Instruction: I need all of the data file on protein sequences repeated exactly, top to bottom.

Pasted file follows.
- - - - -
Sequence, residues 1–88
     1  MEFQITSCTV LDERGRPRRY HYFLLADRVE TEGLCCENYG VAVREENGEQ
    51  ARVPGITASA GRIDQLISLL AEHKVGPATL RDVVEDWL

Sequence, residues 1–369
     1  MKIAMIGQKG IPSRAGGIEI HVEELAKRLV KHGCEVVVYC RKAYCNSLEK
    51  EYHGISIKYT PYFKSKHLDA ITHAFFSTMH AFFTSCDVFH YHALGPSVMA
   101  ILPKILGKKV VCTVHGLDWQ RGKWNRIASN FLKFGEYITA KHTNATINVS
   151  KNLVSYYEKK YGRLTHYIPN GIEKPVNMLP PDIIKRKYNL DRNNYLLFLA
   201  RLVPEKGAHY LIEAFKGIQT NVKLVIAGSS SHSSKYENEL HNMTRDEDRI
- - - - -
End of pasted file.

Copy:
Sequence, residues 1–88
     1  MEFQITSCTV LDERGRPRRY HYFLLADRVE TEGLCCENYG VAVREENGEQ
    51  ARVPGITASA GRIDQLISLL AEHKVGPATL RDVVEDWL

Sequence, residues 1–369
     1  MKIAMIGQKG IPSRAGGIEI HVEELAKRLV KHGCEVVVYC RKAYCNSLEK
    51  EYHGISIKYT PYFKSKHLDA ITHAFFSTMH AFFTSCDVFH YHALGPSVMA
   101  ILPKILGKKV VCTVHGLDWQ RGKWNRIASN FLKFGEYITA KHTNATINVS
   151  KNLVSYYEKK YGRLTHYIPN GIEKPVNMLP PDIIKRKYNL DRNNYLLFLA
   201  RLVPEKGAHY LIEAFKGIQT NVKLVIAGSS SHSSKYENEL HNMTRDEDRI